• Submissions that infringe copyright agreements, are unethical or disrespectful of anyone will disqualify the photographer from the contest.

• The RAI is not responsible for any late, misrouted, lost or damaged entries

• All decisions made by the judges are final

• The prize is non-exchangeable

How will the submissions be judged?

The Royal Anthropological Institute has appointed a panel of judges who will assess the photos based on the following criteria:

- creativity and originality of the photograph

- quality of the written text and its incorporation and exploration of anthropological themes

- technical quality of the photograph

To get some ideas of other RAI photo contests take a look at our Flickr webpage:

Deadlines for submission

The deadline for submissions is 30th September 2012

The RAI will notify the applicants of the panel's decision by November 2012.


All short-listed contestants will be published in RAI educational materials. In addition, the winning photograph from each category will receive a £100 Amazon gift voucher.

Copyright and Data Protection

All images submitted for consideration to the RAI’s Body Canvas Photo Competition remain the sole property of the photographer. By submitting to the contest the entrants agree that the RAI has the right to use and display their work for the RAI’s online and printed materials or for further use (as the RAI deems appropriate) without requiring additional compensation. The RAI will cite entrants as copyright holders of their work in its own publications, but takes no responsibility for any third party usage of photographs.
Any personal data acquired will be used primarily in connection with the RAI’s Body Canvas Photo Contest to facilitate communication with the entrant and for consideration of future RAI activities, competitions and events. The data will not be passed on to third parties without the prior consent of the entrant.

For further enquiries
Please contact the Royal Anthropological Institute’s Education & Communications Officer Nafisa Fera at or 020 7387 0455 with any further enquiries.

Sources of Information and Inspiration

For more information about body art and modification take a look at these great online resources:

Pitt Rivers Museum Body Arts website

Penn Museum of Anthropology and Archaeology Body Cultures website

Wednesday, March 21, 2012


Dear Readers,

We are up and running again! Due to time restrictions, the blog will no longer be posting non-RAI related events and activities. If you would like to post an anthropology related event or activtity you can join our Discover Anthropology Facebook group and publicise your activities directly to the group. The blog will be running as an open RAI E-Newsletter.

We have some fantastic events coming up in April at the Institute located at 50 Fitzroy St. London W1T 5BT. We hope you can make it !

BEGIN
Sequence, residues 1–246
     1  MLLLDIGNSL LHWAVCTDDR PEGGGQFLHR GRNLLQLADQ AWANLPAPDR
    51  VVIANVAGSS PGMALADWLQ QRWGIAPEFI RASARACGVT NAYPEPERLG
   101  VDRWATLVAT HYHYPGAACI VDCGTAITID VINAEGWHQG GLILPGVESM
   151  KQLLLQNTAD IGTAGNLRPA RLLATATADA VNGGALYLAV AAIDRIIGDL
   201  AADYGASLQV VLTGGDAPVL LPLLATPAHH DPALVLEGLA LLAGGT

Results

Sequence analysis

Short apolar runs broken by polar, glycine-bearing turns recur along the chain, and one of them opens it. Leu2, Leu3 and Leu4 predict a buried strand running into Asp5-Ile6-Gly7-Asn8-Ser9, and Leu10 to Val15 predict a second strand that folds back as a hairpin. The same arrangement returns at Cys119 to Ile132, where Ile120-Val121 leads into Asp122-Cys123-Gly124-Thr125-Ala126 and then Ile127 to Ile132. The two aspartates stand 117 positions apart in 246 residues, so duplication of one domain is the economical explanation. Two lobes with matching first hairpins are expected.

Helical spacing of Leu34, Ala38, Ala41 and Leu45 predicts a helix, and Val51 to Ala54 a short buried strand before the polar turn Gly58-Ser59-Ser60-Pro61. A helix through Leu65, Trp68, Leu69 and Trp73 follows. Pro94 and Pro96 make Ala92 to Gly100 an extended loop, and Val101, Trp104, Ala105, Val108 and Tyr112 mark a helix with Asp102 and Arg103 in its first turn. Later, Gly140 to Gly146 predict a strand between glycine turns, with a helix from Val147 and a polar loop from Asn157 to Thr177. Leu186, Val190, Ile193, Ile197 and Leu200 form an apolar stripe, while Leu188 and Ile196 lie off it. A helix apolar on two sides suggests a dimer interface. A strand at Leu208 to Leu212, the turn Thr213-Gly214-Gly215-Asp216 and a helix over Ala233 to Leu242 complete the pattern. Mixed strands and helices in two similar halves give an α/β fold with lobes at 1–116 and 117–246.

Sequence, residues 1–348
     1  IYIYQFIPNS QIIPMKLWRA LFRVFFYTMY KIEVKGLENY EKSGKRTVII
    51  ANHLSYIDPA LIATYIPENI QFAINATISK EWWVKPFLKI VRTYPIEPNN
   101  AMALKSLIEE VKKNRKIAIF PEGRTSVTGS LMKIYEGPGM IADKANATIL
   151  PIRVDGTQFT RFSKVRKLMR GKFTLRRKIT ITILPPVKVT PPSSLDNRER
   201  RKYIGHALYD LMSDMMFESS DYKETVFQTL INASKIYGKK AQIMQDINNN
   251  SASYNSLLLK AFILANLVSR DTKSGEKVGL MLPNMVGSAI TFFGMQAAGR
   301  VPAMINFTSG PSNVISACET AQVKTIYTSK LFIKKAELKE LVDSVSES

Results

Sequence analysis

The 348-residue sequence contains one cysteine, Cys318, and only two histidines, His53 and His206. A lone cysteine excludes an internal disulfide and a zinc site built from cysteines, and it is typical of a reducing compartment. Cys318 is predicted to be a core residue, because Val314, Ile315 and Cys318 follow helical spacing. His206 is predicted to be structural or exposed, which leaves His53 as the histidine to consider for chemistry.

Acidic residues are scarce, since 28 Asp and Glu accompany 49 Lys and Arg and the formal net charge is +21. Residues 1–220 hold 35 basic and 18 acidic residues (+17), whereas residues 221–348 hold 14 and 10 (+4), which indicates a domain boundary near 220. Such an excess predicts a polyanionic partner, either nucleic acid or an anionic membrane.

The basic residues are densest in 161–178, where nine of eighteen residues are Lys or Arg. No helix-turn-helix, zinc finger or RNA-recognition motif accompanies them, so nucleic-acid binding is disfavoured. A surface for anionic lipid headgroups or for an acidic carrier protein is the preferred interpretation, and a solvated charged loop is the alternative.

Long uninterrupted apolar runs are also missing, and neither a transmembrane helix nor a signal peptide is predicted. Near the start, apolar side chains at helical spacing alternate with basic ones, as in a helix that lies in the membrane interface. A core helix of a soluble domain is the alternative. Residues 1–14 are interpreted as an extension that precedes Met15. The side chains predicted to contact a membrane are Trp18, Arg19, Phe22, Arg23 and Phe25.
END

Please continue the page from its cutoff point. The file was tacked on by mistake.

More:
BODIES IN MOTION is a series of evening events and exhibitions that explores the relationship between human movement, space and expression

Place: The RAI, 50 Fitzroy St, London W1T-5BT

Time: 6:30pm-8:30pm

Dates: Friday 13th April, Tuesday 17th April, Wednesday 18th April, Thursday 26th April, Monday 30th April

The way in which we move our bodies can express our multiple identities as well as our social and cultural backgrounds. Whether dancing, walking or playing sports, movement can be an affirmation of society’s norms, a celebration of community cohesion and a vehicle for expressing national and international affiliations. Equally, human movement can be a means of resistance demonstrating social and political unrest or an avenue for innovation and cultural change.

Bodies in Motion, is an initiative that explores the relationship between human movement, space and expression. Using photography, ethnographic film, art and presentations, the project aims to engage the public in exploring the meaning of movement in urban, digital and natural landscapes.

If you have any questions about the Bodies in Motion series please get in contact with Nafisa Fera, at / 020 7387 0455

Book your ticket for all events and receive a 20% discount-

FRIDAY 13th April 2012

Temporary Sanity: Jamaican Dancehall Culture

Temporary Sanity: the Skerrit Bwoy Story is a film produced by Dan Brun in 2006 as part of his Visual Anthropology Masters at the Granada Centre for Visual Anthropology, University of Manchester. The film explores the cultures, gendered performances and political expressions that form part of Jamaican Dance Hall in New York. By following “Skerrit Boy” a Bronx based performer and promoter of Dance Hall music, the film gives an insider’s view into the dancing, history and social roles of Dance Hall clubs in the lives of the Jamaican and Caribbean Diaspora in the United States. The film has won international recognition amongst dance enthusiasts and film makers.

Tonight’s screening will be followed by a Q&A session with the RAI’s Education and Communications Officer Nafisa Fera